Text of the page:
Last week, we saw the US Senate introduce legislation addressing privacy issues related to contact tracing. This week, we see a significant update to California's privacy law move forward. In case you're counting, that's two major pieces of data privacy legislation in the US in as many weeks.
Here are the top stories from last week you might have missed:
- A new privacy rights bill was added to California’s November 2020 ballot and is expected to pass. Last week, a Californian privacy rights group announced they’d secured enough signatures to qualify for the upcoming ballot. Known as the California Privacy Rights Act, or CCPA 2.0, the new bill seeks to create a privacy enforcement arm, increase companies’ compliance obligations, and clarify ambiguous language in the CCPA. Link
- Pew released new survey data on data privacy issues in the US. Americans are generally in favor of more data privacy regulation. They have a low amount of trust in companies and governments to safeguard their data. Link
- This week in data leaks and breaches: GoDaddy disclosed a breach affecting 28k customers, after suffering from an employee phishing attack a month ago. The US Marshals Service exposed prisoners’ personal data in a security lapse. Microsoft’s private repositories on Github were hacked and stolen.
- The privacy policies of Google Meet, Webex, and Microsoft Teams were all criticized by Consumer Reports this week. None of the platforms are transparent about how your data is being used, but their policies allow them to capture data while you're in a videoconference. This scrutiny is unsurprising following the criticism Zoom has faced over the past two months. Link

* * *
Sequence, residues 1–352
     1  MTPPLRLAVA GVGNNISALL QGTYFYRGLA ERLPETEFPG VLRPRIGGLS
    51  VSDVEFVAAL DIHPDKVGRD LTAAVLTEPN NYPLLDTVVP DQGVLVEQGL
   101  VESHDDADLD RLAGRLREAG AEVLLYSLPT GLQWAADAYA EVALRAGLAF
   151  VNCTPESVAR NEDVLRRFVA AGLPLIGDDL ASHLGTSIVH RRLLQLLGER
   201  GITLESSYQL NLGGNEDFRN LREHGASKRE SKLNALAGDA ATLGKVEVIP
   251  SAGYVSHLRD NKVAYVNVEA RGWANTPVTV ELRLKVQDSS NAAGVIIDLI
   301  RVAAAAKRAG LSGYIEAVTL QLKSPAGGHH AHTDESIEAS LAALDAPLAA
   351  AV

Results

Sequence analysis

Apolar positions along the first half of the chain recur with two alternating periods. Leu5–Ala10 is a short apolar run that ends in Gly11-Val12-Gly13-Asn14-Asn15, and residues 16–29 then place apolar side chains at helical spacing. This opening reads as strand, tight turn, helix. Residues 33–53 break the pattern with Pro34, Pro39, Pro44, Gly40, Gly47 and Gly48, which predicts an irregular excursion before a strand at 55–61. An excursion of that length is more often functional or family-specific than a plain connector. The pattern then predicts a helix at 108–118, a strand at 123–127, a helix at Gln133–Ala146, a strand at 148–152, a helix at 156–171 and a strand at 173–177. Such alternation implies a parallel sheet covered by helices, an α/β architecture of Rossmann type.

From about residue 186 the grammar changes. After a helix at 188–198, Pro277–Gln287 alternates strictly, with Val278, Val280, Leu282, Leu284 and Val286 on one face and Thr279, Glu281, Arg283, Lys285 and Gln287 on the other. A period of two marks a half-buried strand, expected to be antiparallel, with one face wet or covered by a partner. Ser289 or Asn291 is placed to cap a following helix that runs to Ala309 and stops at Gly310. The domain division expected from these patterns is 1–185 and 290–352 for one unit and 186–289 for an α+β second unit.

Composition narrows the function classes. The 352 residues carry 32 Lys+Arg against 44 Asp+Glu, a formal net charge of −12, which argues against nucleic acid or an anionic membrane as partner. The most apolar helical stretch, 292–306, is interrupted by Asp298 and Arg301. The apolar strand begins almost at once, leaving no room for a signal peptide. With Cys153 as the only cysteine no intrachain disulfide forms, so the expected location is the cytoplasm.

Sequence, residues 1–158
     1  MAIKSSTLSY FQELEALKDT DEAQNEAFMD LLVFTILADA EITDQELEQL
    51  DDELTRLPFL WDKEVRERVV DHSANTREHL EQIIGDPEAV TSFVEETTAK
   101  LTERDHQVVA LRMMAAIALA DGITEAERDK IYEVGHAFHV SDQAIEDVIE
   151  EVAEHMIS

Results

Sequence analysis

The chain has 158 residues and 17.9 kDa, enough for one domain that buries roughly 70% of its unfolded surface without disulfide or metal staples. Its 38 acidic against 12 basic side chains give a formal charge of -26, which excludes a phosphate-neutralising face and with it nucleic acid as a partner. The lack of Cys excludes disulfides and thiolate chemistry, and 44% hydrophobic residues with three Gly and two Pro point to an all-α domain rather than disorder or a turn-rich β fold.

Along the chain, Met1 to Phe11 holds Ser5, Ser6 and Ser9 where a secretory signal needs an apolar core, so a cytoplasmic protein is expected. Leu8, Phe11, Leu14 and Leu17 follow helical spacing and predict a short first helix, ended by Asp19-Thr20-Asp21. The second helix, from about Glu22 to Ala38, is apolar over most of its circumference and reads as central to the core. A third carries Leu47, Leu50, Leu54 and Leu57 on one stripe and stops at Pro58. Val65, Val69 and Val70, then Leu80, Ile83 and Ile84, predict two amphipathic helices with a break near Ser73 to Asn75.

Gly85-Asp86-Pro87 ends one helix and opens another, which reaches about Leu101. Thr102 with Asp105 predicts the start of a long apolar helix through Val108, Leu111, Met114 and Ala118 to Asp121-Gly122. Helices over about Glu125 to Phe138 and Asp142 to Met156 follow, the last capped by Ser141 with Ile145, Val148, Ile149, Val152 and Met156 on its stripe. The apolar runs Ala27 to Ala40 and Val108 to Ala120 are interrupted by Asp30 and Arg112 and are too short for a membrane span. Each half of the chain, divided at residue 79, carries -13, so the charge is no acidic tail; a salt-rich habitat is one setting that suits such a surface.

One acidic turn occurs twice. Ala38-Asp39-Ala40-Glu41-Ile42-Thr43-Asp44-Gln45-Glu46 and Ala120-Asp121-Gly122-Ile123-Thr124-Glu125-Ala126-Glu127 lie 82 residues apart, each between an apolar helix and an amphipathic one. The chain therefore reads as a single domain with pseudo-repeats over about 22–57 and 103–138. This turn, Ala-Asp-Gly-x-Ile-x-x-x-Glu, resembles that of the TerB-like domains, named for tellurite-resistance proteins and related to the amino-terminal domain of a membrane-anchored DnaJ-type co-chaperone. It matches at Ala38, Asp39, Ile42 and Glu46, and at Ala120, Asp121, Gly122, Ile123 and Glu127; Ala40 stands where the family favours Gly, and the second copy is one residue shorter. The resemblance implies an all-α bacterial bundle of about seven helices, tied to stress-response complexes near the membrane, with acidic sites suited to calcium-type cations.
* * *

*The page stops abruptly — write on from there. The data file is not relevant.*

- India ordered all workers to install its contact tracing app. The government is holding employers responsible for their employees' compliance. India's app has been criticized for giving little transparency about how the data will be used by the government. Link
- The European Union continues to patch loopholes in GDPR. The European Data Protection Board released updated guidelines stipulating that scrolling doesn't equal consent and that "cookie walls" are not okay. Link
- Clearview AI canceled all relationships with private companies. Clearview AI is notorious for scraping 3 billion social media photos, and for being one of the first companies to face legal action from the CCPA. They’re ending relationships with all non-governmental entities as they scramble to deal with numerous lawsuits and mounting regulatory scrutiny. Link